Manama: The picture she received over the mobile was of cows grazing on a green pasture. But it promptly sparked a feeling of escapism. She wanted to be where these cows were, away from the suffocating atmosphere of the office where she has been since early morning trying to convince herself that everything would be fine.
No, it was not fine. It was the first day back at the job after the summer holidays and she was not ready to resume her duties.
“There were no holidays this summer as I could not travel and I was stuck here,” Rasha said to herself. “As my friends are now enjoying their holidays, I have to remain here as schools are re-opening,” she said, looking once more at the photo sent over a social network by a friend.
The cows looked happy, not aware of what is going on around them. “They are stress-free and I envy them for that,” Rasha, a supervisor at a private school, said. She loved her job, but not on the first day.
For thousands of families in Bahrain, the back to school phenomenon in the private sector starts this Sunday.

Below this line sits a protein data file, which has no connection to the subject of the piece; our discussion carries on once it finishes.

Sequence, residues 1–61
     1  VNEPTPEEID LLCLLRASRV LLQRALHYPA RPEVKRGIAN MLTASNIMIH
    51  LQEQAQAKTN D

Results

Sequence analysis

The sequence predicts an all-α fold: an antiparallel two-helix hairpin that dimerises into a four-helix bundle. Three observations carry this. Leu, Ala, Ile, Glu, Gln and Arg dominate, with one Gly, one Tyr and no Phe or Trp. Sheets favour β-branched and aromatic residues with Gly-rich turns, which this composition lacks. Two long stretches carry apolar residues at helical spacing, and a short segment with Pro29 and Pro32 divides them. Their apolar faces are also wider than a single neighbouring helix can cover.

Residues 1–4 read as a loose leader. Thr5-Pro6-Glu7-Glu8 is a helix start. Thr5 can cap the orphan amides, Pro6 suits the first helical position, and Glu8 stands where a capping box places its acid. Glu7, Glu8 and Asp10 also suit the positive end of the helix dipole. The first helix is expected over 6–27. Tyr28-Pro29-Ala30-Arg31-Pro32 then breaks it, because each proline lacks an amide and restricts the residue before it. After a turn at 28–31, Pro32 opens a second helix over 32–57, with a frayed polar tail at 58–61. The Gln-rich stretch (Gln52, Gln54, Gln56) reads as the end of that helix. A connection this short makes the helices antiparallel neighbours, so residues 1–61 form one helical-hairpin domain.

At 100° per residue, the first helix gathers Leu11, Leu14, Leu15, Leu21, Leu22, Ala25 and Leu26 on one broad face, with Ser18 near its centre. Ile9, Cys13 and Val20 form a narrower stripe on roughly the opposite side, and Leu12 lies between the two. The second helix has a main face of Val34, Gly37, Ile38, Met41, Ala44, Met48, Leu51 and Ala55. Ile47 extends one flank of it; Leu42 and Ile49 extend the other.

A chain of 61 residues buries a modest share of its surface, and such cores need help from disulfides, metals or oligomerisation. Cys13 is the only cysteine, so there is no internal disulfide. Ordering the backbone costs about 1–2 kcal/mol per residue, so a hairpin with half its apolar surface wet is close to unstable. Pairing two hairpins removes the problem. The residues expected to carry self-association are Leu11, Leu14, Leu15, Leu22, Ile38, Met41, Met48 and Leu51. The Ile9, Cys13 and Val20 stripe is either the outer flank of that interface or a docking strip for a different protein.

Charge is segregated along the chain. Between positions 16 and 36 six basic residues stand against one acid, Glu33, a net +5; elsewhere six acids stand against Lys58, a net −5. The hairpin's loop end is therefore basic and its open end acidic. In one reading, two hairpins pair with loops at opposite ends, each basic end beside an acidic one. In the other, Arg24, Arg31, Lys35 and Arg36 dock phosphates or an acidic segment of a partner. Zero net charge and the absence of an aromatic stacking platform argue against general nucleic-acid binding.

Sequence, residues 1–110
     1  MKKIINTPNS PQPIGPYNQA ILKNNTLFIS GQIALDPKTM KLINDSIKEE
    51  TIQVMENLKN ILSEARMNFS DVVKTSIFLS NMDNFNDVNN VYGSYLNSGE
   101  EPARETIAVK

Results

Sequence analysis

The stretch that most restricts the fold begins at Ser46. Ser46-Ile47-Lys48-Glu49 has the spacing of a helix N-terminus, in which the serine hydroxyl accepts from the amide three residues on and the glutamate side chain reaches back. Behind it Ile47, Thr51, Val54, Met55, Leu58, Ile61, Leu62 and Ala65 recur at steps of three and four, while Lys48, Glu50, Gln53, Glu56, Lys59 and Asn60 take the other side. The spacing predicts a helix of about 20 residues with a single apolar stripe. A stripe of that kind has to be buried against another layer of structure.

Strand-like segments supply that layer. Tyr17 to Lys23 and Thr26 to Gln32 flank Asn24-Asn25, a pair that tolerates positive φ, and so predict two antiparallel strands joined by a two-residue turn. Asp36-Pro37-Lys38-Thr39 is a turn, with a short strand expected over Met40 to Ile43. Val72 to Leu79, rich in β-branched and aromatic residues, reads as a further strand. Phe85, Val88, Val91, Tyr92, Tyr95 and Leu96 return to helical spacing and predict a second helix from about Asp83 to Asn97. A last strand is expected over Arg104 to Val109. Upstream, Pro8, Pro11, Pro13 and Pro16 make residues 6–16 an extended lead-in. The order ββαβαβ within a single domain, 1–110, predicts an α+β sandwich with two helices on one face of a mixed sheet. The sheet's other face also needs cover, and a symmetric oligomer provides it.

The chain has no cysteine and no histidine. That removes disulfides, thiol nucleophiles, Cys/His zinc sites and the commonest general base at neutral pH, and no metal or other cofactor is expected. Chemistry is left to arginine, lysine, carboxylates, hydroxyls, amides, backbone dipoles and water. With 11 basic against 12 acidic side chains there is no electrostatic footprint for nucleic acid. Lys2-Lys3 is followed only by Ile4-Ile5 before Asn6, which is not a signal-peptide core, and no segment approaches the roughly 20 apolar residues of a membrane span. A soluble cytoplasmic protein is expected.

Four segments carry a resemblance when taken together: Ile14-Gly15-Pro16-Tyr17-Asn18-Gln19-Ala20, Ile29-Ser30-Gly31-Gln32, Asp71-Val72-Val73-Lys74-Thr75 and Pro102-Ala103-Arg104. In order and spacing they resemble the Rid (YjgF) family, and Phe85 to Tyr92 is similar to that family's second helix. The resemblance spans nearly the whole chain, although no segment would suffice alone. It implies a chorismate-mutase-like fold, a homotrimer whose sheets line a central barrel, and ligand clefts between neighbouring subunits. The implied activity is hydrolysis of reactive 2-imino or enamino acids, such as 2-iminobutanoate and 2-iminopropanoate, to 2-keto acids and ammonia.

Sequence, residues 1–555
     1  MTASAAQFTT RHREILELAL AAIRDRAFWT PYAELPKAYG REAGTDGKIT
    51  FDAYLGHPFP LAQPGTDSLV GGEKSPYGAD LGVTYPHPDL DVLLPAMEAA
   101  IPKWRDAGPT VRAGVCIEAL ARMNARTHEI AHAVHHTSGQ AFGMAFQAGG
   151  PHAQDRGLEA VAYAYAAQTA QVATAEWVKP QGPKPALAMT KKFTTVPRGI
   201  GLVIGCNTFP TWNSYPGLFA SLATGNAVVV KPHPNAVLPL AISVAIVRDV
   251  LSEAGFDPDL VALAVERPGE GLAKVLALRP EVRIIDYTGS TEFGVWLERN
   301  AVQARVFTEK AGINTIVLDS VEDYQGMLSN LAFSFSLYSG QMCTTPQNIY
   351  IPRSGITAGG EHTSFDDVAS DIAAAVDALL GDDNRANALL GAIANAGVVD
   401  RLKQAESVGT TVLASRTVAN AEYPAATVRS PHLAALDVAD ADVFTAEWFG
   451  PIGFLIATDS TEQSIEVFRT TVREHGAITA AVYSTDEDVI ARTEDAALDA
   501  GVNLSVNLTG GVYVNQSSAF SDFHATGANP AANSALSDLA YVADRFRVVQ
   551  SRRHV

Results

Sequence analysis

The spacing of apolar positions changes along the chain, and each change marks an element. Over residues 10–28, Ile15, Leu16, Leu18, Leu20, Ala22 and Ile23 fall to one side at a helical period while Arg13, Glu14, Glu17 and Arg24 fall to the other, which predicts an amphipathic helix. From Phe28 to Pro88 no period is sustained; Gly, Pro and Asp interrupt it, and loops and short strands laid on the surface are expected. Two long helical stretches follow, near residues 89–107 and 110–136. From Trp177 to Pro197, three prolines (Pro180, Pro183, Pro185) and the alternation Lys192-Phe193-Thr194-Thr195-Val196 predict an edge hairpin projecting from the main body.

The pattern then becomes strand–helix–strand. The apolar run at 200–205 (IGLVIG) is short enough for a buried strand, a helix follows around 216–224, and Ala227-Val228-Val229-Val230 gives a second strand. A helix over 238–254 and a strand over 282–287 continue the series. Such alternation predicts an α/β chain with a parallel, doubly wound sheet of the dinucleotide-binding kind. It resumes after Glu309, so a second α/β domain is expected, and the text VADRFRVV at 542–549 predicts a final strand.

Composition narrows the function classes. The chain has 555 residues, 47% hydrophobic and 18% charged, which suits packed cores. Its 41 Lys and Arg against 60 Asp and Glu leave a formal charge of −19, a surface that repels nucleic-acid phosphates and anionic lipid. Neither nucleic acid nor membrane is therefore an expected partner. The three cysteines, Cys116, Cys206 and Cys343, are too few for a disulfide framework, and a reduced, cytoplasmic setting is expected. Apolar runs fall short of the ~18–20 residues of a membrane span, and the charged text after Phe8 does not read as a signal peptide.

For all the administrative and teaching staff, it is back to the routine of waking up early to be in good shape, beat traffic and deliver the best lessons and supporting services.
“We have a new principal and while we are praying for a great leader, we do not rule out anything,” Nibal, a teacher, said. “We did have a nice break, but we did not really travel because of the month of Ramadan and we opted to stay together as a family. When the sacred month was over, we had no time to make any trips,” she said.
Newly appointed Ziyad said that he looked forward to a new experience as a teacher.
“I was lucky to be hired by the school in May, which gave me ample time to find out about the classes and the curricula and prepare accordingly,” he said. “I know dealing with students in private schools is not always easy, but I am determined to learn how to use my potential to help students acquire greater skills.”
Ghofran, a 12 year-old student, said that she wanted the schools to open to be able to see her friends.
“We have been away from one another for almost two months and it is about time we met,” she said. “We used social networks to communicate, but I like to sit with them and talk with them about we did in July and August. School is also good to refresh knowledge. I have been among the top students and I do not want to lose that edge,” she added, breaking into a big smile.
However, for Fraj going back to school means more homework and pressure.
“I love summer because it allows me to be truly and really free and to enjoy myself,” he said. “I loved going to the beach every day and having fun with my friends. But now, I have to give that up as I have to study hard and do better than I did last year,” he said.